5 Useful Things You Should Know About SATs Limited

SATS Ltd (SGX: S58) recently reported its second quarter earnings. The company has two major segments, Food Solutions and Gateway Services. The Food Solutions covers airline catering, food distribution, industrial catering and other services. The Gateway Solutions is involved in ground handling services of passengers, flights and cargo. You can read more about the company here and here.

SATS is also one of the cool companies which shares its earnings conference calls (the link is here) to discuss its results. Below are five useful (additional) things I learned from listening to its conference call:

1. SATS is looking at automate processes in its central kitchen to reduce its variable cost component. This effort is done in preparation for any upside in customer ordering volume in the future. With the reduction in the variable cost component, the company believes that it would stand to gain in margins if ordering volumes go up.

2. SATS regularly reports operating metrics such as unit meals served, gross meals served, and number of passengers handled. The three metrics do not move in tandem. For instance, low-cost carrier flights often do not come with meals for the passengers, hence an increase in passengers handled by its Gateway Services business does not always lead to more revenue in the Food Solutions business for SATS.

3. The 4.7% year on year decline in revenue for its Food Solutions business was due lower sales from its Japanese subsidiary, TFK. Management clarified that TFK did not lose any customers, however its current customers were ordering less. It is the opinion of the management that there is overcapacity in food catering for the Japanese aviation market. SATS is looking to adjust its kitchen capacity to the new level of demand from aviation customers, and expand to non-aviation customers.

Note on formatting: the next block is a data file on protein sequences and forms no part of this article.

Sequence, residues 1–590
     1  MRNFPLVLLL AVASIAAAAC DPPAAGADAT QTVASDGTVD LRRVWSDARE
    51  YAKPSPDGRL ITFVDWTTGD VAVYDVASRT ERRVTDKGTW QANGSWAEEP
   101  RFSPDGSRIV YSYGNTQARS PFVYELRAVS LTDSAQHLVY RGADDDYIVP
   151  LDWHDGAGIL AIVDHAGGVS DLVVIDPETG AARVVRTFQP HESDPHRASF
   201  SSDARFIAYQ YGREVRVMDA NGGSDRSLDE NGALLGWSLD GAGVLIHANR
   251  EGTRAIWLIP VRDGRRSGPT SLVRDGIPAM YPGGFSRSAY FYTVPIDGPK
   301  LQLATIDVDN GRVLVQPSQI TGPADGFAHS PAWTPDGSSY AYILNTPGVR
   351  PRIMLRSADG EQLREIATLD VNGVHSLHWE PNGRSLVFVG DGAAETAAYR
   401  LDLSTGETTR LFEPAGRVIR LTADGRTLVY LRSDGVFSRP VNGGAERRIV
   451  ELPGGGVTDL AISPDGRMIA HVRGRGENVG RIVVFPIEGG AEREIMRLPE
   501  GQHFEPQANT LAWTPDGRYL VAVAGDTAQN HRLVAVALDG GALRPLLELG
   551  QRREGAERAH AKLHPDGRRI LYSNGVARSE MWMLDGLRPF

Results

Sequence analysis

4. On the flipside, profit for SATS benefited from a sharp increase in quarterly dividends from its associate companies. The increase was mainly due to timing differences, and may not continue at the same level for the future.

5. The management at SATS also mentioned that there were now 35 China airports connected to Changi Airport. They hope to leverage on upon the increasing flight network of Changi Airport for their future growth. SATS made 80% of its revenue in Singapore for the financial year ended 31 March 2014.

Foolish takeaway

To buy and hold a company’s shares for the long term also means keeping up with developments in the company. The access to management teams via webcast gives the Foolish investor a fair chance to judge for themselves on whether they would like to be invested alongside the management teams that they have chosen. It also helps us put together a more complete thesis around the company and keep up with developments in its industry.

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The information provided is for general information purposes only and is not intended to be personalised investment or financial advice. Motley Fool Singapore contributor Chin Hui Leong doesn’t own shares in any companies mentioned.